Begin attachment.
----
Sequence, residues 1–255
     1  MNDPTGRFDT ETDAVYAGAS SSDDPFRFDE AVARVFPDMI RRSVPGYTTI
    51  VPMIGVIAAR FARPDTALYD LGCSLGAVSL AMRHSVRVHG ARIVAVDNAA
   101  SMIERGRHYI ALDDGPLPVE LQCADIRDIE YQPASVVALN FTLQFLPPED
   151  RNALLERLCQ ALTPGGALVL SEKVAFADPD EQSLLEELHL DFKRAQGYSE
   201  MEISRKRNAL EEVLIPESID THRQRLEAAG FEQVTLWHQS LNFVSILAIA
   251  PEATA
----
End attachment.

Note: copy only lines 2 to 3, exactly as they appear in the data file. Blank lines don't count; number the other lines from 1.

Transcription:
     1  MNDPTGRFDT ETDAVYAGAS SSDDPFRFDE AVARVFPDMI RRSVPGYTTI
    51  VPMIGVIAAR FARPDTALYD LGCSLGAVSL AMRHSVRVHG ARIVAVDNAA